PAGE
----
The rain had finally stopped in Paris. As always, Louis Vuitton was closing Fashion Month, and the heavens had shone favourably upon one of the most storied Houses in history with a clear sky. Tucked inside one of the Musée de Louvre’s formidable courtyards, a mighty glass structure had been erected in the Cour Carrée. Within it, tiers of pale blonde plywood on the ascent and a seemingly boundless runway of the same timber. Atop each row, a wooden placard detailing each attendees name; Madame, Monsieur and the like. Sourced entirely from sustainably managed forests in France (100% PEFC certified maritime pine wood from the Landes region), at the show’s end it was to be deconstructed and donated for reuse as part of a partnership with ArtStock, whose mission is to recycle and upcycle elements from artistic productions in order to preserve the environment. This in itself is symbolic of Nicolas Ghesquière’s great grasp on the future, one of the few classic fashion Houses to spotlight sustainably in this way. But it was in fact the past where Ghesquière paused for Spring Summer 2020, namely Paris’ defining Belle Époque era, proving the remarkable way he has his foot both in the past and the present.

 

Against a stirring, electrifying projection of the artist Sophie singing an extended version of “It’s Okay to Cry”, Ghesquière’s Vuitton girls circled back to the grand pleasures of sartorial protocol of the late 1800s, early 1900s. But this was a new breed of bourgeois, Ghesquière casting these bygone codes in a spectacularly modern light. Of course, the Art Nouveau flourishes were there – the painterly flowers, the puffy sleeves, the hair coiffed high in Pompadour poufs – but he hit refresh on the old classics with a little disco sparkle and saturated colour. Expressing dandyism through eclectic mash-ups of wild colour and print, it was as if the models had also stopped off in the ’60s, the ’70s and the ’80s, too, before making their way to the Louvre that night. Footwear came in the form of elevated, intricate penny loafers and knee-high platform boots, while the bags were equally spectacular; a purse with swirls of psychedelia, ornamental cases and monogram mix-tapes, the House’s signature monogram refashioned into the cassette tapes of old. And for a final touch of refinement, a cattleya orchid, which adorned each lapel like a chimerical symbol, marrying the collection together in one brilliant, sentimental gesture.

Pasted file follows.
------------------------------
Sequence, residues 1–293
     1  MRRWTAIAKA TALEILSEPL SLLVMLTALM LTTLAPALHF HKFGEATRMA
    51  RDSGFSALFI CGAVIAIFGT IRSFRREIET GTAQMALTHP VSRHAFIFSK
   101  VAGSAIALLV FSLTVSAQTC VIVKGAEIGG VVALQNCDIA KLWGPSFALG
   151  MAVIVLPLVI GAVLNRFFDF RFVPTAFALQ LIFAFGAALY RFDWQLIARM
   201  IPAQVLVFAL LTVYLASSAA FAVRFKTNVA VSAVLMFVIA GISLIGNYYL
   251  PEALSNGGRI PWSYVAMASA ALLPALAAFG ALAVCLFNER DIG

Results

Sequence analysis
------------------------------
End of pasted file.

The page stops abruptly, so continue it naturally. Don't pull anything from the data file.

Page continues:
Bringing together the 20th century and the 21st century in a striking sartorial collage which made the little hairs on your arms prick with glee, if the standing ovation and shrieks of joy at the end were anything to go by, we’d think it were a success.

High on Ghesquière’s pure fashion fantasy (and the conclusion of a big month), as the crowd walked out, it began to pour. The rain lashed Louis Vuitton-clad show-goers, many of whom sought refuge (myself included) under the towering although largely redundant volutes of the Museum. A mighty gust of wind blew black umbrellas upwards towards the sky as squeals sounded around the museum grounds. The sky cracked with thunder. Drenched and sopping, it was a dramatic, very un-fashion-like finale to one of the most breathtaking shows of the season, but perhaps the untoward drama was fitting. At the end of the day, isn’t it nice to go out with a bang – rain, hail or thunder?

 

 

thoughts?